If you’re a bourbon drinker, and of course you are, then you know about “proof.” It’s one of those liquor words.
Proof tells how strong a spirit is, and for plenty of people, that’s all they need to know. But boning up on the finer details can add to your appreciation of your bourbon — and that is always a good thing.
Who has proof
The word “proof” is used only in the U.S., and only for stronger spirits with 40 percent alcohol and above, like whiskey, bourbon, vodka, gin, and rum.
Drinks with less alcohol, such as beer and wine, go by percentage or “ABV” — alcohol by volume. And it’s the same story for the rest of the world — everyone outside of the U.S. uses ABV for all alcoholic beverages, no matter how much alcohol the spirit contains.
Do the math
To understand proof, you need to do math, specifically division. Ready?
Proof is twice the percent by volume of alcohol in your spirit. Whatever proof is on the bottle, divide that by two to find out how much alcohol by volume that spirit contains.
For example, if your bourbon label says 100 proof, your spirit contains 50 percent alcohol by volume. If the label says 80 proof, it’s 40 percent alcohol by volume.
Highs and lows of proof
The most notoriously strong spirit is Everclear: It’s 190 proof, meaning it has 95 percent alcohol by volume. (It’s basically impossible to hit 100 percent alcohol, so don’t even go there.)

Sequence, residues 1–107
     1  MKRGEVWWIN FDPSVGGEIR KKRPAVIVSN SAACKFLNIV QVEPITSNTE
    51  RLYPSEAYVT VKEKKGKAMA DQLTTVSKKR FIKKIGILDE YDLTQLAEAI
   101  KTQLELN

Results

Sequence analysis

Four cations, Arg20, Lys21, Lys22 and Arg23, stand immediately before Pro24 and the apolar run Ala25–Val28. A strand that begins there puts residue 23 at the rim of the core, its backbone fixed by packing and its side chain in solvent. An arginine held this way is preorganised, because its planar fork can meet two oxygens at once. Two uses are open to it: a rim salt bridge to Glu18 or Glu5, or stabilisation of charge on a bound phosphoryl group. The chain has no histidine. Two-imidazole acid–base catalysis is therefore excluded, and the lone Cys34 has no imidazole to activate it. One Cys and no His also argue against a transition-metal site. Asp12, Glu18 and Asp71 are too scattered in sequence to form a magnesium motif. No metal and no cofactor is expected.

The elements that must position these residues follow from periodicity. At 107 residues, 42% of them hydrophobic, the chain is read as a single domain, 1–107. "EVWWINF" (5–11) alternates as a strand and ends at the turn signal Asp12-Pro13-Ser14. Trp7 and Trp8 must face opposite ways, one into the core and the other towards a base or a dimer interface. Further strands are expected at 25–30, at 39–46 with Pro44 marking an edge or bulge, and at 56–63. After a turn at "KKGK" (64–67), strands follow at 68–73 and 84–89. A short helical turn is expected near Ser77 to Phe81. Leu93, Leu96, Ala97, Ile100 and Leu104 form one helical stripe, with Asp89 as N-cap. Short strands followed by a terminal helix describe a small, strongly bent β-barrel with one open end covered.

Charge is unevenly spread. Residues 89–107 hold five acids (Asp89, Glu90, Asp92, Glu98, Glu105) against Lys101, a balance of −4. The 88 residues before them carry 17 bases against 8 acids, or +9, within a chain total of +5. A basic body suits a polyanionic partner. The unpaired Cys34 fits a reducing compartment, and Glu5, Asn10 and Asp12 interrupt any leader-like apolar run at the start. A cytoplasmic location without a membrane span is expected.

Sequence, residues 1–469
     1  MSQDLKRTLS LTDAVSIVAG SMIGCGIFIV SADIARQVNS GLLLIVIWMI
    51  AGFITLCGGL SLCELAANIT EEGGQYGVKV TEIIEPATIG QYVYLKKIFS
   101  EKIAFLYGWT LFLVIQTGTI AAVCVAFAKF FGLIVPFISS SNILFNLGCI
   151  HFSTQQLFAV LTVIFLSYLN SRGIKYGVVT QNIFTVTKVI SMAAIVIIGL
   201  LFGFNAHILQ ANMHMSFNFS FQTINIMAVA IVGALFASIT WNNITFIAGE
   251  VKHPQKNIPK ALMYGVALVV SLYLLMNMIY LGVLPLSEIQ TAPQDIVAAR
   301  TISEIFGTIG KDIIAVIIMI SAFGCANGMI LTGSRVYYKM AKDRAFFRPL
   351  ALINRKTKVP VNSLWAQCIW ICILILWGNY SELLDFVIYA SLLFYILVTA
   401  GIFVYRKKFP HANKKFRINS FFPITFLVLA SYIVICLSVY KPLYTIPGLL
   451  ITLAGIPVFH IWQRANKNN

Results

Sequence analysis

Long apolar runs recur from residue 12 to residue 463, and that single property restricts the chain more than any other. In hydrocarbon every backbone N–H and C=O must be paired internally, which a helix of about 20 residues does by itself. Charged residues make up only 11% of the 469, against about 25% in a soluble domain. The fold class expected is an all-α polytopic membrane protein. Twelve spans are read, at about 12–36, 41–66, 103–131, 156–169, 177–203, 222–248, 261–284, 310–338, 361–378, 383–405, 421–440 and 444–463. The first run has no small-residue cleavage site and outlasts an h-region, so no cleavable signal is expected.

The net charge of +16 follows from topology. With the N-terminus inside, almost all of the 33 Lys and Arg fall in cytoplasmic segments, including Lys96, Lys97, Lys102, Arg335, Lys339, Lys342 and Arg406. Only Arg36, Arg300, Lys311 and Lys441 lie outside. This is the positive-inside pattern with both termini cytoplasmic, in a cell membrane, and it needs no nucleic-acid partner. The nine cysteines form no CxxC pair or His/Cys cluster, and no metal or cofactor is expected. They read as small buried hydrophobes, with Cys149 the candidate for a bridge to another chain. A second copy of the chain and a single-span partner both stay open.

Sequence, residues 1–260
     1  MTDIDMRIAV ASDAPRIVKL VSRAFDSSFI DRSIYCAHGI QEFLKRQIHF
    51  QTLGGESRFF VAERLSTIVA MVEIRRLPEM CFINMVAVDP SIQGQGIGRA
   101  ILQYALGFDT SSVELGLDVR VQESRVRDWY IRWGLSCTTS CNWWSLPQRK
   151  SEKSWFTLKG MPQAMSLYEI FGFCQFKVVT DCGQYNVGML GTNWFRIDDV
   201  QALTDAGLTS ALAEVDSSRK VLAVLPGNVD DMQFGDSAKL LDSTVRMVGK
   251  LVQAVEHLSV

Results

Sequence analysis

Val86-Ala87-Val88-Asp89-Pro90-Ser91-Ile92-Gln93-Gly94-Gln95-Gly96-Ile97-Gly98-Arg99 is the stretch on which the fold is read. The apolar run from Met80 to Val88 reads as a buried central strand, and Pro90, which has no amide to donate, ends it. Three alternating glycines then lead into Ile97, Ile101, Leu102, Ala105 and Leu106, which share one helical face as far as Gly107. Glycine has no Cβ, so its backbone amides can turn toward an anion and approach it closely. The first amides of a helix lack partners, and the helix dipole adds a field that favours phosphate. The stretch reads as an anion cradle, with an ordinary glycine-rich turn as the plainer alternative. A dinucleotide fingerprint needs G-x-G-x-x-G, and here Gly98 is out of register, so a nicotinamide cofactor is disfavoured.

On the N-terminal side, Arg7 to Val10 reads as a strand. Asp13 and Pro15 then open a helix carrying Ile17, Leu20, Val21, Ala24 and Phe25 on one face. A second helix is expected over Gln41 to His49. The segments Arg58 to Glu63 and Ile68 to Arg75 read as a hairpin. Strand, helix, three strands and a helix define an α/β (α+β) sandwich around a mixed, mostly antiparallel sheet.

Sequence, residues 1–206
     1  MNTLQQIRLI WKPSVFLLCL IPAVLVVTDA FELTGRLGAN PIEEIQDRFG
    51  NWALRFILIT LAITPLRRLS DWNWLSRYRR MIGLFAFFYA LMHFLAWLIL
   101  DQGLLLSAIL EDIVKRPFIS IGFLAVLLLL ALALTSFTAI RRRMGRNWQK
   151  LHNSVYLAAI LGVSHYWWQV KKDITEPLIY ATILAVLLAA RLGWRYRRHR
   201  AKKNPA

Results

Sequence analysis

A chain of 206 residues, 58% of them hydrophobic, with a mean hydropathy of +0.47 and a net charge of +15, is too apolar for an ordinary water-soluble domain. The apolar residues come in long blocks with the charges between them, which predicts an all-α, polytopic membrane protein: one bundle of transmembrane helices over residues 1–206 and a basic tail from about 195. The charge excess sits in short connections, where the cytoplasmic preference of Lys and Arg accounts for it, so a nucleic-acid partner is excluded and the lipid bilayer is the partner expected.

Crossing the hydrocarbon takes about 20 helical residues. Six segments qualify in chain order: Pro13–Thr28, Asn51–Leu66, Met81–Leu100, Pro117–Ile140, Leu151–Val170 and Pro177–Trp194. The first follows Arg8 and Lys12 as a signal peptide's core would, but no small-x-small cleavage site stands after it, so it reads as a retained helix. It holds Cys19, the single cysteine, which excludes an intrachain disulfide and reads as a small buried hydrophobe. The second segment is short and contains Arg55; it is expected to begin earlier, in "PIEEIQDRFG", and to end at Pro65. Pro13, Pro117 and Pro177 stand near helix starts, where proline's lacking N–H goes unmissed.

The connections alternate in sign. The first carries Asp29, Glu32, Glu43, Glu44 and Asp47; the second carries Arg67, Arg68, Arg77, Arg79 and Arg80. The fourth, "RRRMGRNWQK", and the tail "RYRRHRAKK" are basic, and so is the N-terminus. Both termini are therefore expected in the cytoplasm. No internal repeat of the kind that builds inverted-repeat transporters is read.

Bourbon usually falls between 80 and 100 proof. Consider Ezra Brooks Kentucky Straight at 90 proof, or the trio of luscious Daviess County bourbons, all bottled at 96 proof, or 48 percent alcohol. They’ve got a good bite, but you can still discern all their fabulously nuanced flavors.
Special variants, such as Rebel Yell’s 10-Year Single Barrel or David Nicholson Reserve, are bottled at 100 proof. Many aficionados consider 100 proof to be the traditional benchmark of a spirit that meets certain high standards of authenticity.
Flavored whiskeys are lower proof. Rebel Yell Ginger Whiskey and Rebel Yell Root Beer are 70 proof with 35 percent alcohol. The lower alcohol content makes for a more congenial sip and lets you better appreciate the flavor.
When bourbon is placed into the barrel to age, there’s no set rule about how high the proof should be, other than it cannot exceed 125 proof.
As the bourbon ages, the proof levels can change, depending on where the barrel is placed in the rickhouse. Generally, barrels placed on lower floors will lose proof, while barrels placed higher will gain proof.
With regular bourbon releases, once they’re ready to be bottled, distillers add water, not only to moderate the proof, but also to fine-tune the taste.
But some bourbon fans love the idea of getting it straight from the barrel, at a proof closer to what it was originally barreled at. For those drinkers, distillers such as Lux Row now sell “barrel-proof” or “cask-strength” products with a higher percentage of alcohol.
Ezra Brooks’ Old Ezra Barrel Strength is one such example. It’s a Kentucky straight bourbon, aged for seven years and bottled at a hefty 117 proof.